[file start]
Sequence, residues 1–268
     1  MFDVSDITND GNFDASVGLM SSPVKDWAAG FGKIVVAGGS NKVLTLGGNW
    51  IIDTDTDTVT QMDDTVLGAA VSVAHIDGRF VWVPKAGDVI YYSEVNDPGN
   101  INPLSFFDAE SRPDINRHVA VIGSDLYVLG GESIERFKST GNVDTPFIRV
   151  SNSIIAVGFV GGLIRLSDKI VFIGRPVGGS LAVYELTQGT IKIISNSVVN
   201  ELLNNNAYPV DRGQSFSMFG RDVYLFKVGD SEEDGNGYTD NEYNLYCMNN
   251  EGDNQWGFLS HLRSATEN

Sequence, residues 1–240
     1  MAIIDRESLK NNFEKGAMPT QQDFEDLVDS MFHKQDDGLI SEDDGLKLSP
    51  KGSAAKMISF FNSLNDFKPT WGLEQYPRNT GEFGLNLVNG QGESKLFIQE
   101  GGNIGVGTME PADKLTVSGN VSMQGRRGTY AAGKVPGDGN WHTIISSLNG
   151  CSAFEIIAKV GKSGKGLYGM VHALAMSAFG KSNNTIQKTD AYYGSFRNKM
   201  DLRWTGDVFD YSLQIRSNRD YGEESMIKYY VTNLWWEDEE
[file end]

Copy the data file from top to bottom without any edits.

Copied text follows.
Sequence, residues 1–268
     1  MFDVSDITND GNFDASVGLM SSPVKDWAAG FGKIVVAGGS NKVLTLGGNW
    51  IIDTDTDTVT QMDDTVLGAA VSVAHIDGRF VWVPKAGDVI YYSEVNDPGN
   101  INPLSFFDAE SRPDINRHVA VIGSDLYVLG GESIERFKST GNVDTPFIRV
   151  SNSIIAVGFV GGLIRLSDKI VFIGRPVGGS LAVYELTQGT IKIISNSVVN
   201  ELLNNNAYPV DRGQSFSMFG RDVYLFKVGD SEEDGNGYTD NEYNLYCMNN
   251  EGDNQWGFLS HLRSATEN

Sequence, residues 1–240
     1  MAIIDRESLK NNFEKGAMPT QQDFEDLVDS MFHKQDDGLI SEDDGLKLSP
    51  KGSAAKMISF FNSLNDFKPT WGLEQYPRNT GEFGLNLVNG QGESKLFIQE
   101  GGNIGVGTME PADKLTVSGN VSMQGRRGTY AAGKVPGDGN WHTIISSLNG
   151  CSAFEIIAKV GKSGKGLYGM VHALAMSAFG KSNNTIQKTD AYYGSFRNKM
   201  DLRWTGDVFD YSLQIRSNRD YGEESMIKYY VTNLWWEDEE